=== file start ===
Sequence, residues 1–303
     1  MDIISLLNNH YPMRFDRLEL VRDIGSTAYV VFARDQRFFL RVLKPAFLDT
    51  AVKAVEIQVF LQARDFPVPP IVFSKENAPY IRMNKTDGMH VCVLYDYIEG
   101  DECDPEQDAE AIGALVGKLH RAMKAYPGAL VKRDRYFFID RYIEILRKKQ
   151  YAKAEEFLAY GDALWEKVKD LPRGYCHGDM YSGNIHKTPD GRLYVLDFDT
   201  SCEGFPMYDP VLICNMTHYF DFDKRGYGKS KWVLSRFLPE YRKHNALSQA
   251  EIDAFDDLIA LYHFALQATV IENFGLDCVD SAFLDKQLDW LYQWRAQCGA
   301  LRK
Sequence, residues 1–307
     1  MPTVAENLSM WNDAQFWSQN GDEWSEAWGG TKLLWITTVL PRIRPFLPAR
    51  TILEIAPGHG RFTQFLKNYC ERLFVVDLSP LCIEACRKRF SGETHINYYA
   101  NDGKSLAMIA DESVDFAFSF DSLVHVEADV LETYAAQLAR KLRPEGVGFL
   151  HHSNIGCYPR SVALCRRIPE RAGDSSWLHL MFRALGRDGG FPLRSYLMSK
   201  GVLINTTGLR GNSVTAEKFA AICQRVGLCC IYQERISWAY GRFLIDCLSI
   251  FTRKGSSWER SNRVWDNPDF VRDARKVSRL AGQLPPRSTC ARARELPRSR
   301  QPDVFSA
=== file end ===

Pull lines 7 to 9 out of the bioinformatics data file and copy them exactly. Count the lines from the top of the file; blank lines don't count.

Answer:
   251  EIDAFDDLIA LYHFALQATV IENFGLDCVD SAFLDKQLDW LYQWRAQCGA
   301  LRK
Sequence, residues 1–307